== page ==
As you prepare to interview job candidates, you probably spend a considerable amount of time planning which questions to ask. As you should; after all, an interview is often the last step before your final hiring decision. However, it’s equally important to know which questions not to ask and which topics to avoid all together.
It’s natural, and positive, to build connections with job candidates. But be careful not to cross the fine line between showing interest in their lives and being discriminatory. You may mean nothing by an innocent question. But if you don’t hire someone afterwards, they could look back on it as discrimination. Here are some areas that should remain off limits:
Age discrimination for people over age 40 is illegal. In fact, the only age you need to know is whether a candidate is over 18 or 21, depending on the job.
- Never ask a candidate’s age. Also, stay away from any questions that may imply this is what you’re asking, such as what year they graduated high school.
Number of Children
Pregnancy discrimination violates the law. To play it safe, avoid asking a candidate if they have or plan to have children, or how many.
- Proper questions are those related to a person’s ability to do the job. For instance, you can say, “This position requires that you be on call some nights and weekends. Will that work for you?”
By asking if a candidate needs health insurance, you may be prying into their marital status, the employment status of their spouse, or their financial independence.
- If the job doesn’t offer health insurance and you want to make a person aware of this, then state it flat out during a phone or other preliminary screen. You might say, “The position doesn’t offer health insurance. Are you still interested in interviewing?”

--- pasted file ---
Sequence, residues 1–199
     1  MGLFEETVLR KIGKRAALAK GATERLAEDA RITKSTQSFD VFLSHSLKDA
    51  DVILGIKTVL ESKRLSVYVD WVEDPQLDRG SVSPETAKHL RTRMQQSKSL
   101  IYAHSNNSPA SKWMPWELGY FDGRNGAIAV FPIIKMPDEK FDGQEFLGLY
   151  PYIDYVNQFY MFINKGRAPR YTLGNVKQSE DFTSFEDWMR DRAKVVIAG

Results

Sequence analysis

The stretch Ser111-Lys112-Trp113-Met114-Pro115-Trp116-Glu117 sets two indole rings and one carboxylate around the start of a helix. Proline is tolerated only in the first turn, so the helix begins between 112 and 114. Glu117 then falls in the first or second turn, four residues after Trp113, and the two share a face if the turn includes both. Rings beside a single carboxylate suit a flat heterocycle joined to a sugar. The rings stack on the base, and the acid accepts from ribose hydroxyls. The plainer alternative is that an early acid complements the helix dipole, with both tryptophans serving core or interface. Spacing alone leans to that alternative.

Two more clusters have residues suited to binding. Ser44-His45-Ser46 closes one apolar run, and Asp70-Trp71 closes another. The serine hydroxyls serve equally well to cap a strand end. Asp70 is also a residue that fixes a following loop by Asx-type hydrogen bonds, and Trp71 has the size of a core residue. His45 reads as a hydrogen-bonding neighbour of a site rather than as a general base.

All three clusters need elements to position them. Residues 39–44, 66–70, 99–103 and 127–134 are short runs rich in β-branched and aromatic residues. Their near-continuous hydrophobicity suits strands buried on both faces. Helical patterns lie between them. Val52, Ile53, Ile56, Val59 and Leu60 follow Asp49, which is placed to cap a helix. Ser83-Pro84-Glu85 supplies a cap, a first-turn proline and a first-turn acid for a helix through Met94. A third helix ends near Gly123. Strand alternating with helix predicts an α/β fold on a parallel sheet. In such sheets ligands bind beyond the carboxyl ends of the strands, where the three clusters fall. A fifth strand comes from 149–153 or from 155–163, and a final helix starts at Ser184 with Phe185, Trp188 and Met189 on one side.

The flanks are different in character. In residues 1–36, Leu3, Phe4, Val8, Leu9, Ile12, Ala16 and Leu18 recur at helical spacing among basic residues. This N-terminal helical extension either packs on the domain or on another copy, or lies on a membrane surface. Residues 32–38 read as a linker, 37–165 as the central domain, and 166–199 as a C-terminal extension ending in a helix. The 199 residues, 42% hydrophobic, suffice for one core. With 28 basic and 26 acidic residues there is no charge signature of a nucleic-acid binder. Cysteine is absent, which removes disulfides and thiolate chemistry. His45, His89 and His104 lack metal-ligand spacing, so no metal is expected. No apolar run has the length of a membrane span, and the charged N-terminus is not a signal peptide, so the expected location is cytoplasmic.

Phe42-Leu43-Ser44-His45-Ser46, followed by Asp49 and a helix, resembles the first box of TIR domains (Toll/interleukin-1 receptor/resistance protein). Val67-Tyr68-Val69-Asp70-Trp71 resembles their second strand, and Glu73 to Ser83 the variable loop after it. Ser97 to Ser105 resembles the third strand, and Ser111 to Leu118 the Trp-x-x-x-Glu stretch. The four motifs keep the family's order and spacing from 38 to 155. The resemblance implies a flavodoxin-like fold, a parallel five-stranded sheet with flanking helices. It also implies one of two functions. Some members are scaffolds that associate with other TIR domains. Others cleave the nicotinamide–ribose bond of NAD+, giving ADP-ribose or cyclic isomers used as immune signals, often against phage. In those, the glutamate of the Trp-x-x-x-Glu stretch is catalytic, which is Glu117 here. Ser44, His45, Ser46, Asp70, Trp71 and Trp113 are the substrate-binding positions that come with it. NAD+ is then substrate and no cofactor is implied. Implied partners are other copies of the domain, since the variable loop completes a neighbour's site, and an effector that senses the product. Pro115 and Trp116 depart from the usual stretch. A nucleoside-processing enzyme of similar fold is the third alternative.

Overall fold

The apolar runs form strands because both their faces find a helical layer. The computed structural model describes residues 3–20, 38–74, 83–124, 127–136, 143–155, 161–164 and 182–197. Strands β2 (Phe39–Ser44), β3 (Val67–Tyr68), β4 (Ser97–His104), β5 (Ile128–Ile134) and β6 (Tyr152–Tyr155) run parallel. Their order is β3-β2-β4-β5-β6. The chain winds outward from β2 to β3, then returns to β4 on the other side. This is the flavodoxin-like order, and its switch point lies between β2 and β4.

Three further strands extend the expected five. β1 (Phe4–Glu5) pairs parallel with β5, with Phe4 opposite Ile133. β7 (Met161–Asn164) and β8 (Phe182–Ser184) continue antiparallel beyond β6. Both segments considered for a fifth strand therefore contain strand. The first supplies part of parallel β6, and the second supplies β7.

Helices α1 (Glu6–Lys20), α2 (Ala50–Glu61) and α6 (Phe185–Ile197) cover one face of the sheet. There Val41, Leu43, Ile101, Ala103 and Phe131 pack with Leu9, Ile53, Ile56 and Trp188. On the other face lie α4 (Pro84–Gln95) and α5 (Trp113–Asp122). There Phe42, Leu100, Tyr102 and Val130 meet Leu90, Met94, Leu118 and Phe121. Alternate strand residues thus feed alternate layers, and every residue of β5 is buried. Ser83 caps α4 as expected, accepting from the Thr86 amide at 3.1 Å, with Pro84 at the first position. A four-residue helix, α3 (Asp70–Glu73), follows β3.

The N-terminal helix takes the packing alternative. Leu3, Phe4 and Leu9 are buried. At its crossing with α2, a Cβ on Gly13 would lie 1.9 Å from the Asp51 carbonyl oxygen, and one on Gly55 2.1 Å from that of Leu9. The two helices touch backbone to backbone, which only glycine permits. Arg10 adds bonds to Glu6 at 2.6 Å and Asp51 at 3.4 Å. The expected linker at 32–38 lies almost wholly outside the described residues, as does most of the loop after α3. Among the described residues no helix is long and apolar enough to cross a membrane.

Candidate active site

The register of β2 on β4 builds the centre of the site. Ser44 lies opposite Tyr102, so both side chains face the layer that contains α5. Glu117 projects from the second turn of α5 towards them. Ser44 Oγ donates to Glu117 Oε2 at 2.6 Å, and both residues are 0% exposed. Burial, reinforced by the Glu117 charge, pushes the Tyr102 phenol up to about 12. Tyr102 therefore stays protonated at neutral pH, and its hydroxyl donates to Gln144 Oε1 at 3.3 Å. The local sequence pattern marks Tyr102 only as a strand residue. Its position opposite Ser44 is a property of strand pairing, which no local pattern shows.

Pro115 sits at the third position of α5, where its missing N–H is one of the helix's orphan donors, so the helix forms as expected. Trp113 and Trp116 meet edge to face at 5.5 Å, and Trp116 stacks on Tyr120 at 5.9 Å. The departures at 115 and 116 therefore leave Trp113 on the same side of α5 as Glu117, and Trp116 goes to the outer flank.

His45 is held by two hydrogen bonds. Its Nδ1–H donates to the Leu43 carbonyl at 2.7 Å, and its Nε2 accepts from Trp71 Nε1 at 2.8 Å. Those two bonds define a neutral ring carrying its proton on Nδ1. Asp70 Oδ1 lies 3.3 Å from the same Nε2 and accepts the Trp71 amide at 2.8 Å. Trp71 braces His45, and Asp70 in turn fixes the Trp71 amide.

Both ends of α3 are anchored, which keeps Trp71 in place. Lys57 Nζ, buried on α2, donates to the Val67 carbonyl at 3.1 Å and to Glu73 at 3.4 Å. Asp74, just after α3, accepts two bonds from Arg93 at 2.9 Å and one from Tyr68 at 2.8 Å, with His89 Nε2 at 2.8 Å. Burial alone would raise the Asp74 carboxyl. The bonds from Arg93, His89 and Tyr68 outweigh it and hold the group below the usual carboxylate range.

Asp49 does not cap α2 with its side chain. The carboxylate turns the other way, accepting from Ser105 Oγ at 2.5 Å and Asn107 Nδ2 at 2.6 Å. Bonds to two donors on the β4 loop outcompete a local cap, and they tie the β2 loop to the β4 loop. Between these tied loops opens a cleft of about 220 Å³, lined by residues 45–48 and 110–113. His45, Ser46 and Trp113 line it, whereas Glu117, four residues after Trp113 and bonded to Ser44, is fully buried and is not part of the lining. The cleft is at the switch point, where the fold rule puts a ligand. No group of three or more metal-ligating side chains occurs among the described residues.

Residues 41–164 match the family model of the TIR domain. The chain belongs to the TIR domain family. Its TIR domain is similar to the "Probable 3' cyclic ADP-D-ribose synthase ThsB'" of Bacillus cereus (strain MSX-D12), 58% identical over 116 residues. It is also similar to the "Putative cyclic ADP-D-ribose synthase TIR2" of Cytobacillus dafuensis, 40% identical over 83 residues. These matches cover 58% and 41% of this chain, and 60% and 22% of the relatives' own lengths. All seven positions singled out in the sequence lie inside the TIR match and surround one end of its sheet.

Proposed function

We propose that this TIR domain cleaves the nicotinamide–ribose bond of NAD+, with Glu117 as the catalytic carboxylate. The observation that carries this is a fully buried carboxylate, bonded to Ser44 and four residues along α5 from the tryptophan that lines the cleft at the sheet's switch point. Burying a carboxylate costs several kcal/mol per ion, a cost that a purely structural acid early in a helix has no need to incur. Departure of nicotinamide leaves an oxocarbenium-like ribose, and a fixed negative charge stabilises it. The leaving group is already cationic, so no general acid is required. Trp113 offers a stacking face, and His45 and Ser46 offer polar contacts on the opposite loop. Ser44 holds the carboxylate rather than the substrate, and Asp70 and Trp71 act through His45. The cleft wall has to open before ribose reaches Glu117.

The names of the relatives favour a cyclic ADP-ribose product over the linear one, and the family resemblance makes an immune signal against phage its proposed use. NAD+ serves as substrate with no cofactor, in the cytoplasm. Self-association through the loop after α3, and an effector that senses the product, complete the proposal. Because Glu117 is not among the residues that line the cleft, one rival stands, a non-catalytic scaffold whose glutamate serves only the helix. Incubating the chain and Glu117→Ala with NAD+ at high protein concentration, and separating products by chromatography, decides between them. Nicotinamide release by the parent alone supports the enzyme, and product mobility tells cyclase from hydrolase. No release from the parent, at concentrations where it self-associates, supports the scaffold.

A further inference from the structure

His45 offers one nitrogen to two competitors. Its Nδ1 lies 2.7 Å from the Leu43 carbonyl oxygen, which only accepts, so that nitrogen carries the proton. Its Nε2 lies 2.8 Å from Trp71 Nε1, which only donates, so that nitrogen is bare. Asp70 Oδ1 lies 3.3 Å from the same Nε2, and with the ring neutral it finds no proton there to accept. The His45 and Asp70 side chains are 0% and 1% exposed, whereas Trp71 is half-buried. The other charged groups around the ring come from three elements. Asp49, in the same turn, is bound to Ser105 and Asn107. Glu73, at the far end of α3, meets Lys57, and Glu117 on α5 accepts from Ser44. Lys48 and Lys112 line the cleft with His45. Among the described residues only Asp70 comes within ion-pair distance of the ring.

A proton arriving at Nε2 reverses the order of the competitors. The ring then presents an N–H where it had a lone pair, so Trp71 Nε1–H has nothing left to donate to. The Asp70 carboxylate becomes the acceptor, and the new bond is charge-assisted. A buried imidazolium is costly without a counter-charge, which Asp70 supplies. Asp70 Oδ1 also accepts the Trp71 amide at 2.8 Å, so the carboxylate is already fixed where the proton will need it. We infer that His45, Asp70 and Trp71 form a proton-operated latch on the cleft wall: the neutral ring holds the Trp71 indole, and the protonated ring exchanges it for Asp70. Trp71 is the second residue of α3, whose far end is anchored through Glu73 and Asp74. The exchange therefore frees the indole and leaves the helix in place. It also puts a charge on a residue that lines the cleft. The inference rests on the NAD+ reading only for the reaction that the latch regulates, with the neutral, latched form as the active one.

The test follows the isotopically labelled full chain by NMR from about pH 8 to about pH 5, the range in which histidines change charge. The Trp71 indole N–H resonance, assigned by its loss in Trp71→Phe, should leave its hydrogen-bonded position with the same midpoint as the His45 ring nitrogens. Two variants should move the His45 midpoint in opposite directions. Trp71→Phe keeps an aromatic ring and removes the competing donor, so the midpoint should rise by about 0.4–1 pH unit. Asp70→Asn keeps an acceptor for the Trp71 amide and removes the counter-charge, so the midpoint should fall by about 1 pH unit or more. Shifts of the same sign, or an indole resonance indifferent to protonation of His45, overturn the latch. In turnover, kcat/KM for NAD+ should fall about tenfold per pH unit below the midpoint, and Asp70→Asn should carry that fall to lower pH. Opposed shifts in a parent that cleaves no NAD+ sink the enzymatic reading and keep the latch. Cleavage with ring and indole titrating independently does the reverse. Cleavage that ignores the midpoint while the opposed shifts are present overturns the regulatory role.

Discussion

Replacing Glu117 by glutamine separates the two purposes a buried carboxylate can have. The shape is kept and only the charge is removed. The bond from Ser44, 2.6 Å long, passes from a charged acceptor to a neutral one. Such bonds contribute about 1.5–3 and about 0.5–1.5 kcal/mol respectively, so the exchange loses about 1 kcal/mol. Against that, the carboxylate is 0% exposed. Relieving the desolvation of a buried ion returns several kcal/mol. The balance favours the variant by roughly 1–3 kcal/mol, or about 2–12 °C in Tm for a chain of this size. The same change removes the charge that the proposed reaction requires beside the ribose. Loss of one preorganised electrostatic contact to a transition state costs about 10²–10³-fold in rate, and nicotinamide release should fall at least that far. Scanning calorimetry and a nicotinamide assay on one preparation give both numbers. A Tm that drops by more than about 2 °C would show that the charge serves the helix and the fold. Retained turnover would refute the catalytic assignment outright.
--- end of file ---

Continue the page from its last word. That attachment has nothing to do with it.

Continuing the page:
Never comment on or ask about a person’s accent or other traits that relate to their nationality.
- If you’re hiring for a position that requires multilingual capabilities, you can ask “What languages do you speak” but not “What language do you speak at home?”
Unless you’re hiring for a faith-based organization, this question is verboten. You cannot discriminate on the basis of religion, unless it’s specifically pertinent to the job. For instance, you can require that a minister for a Lutheran church is Lutheran. But in most cases, this question is a no-go.
- The only time religion is relevant in a secular interview is if a person needs an accommodation. In this case, it’s their responsibility to bring it up. Then, you can decide together if the accommodation is possible.
Even though you would never intentionally discriminate against someone with a disability, you don’t want to set yourself up for an accusation.
- You can ask a candidate if they are capable of doing the job. If their disability requires an accommodation, they should bring it up to you.
As you develop your checklist of questions and other steps in your hiring process, a reliable staffing firm can ensure you take all the right steps – and none of the wrong ones. They also can assist with vetting and prescreening, to make your interviews as efficient and effective as possible. Contact PrideStaff Fresno today, to learn more.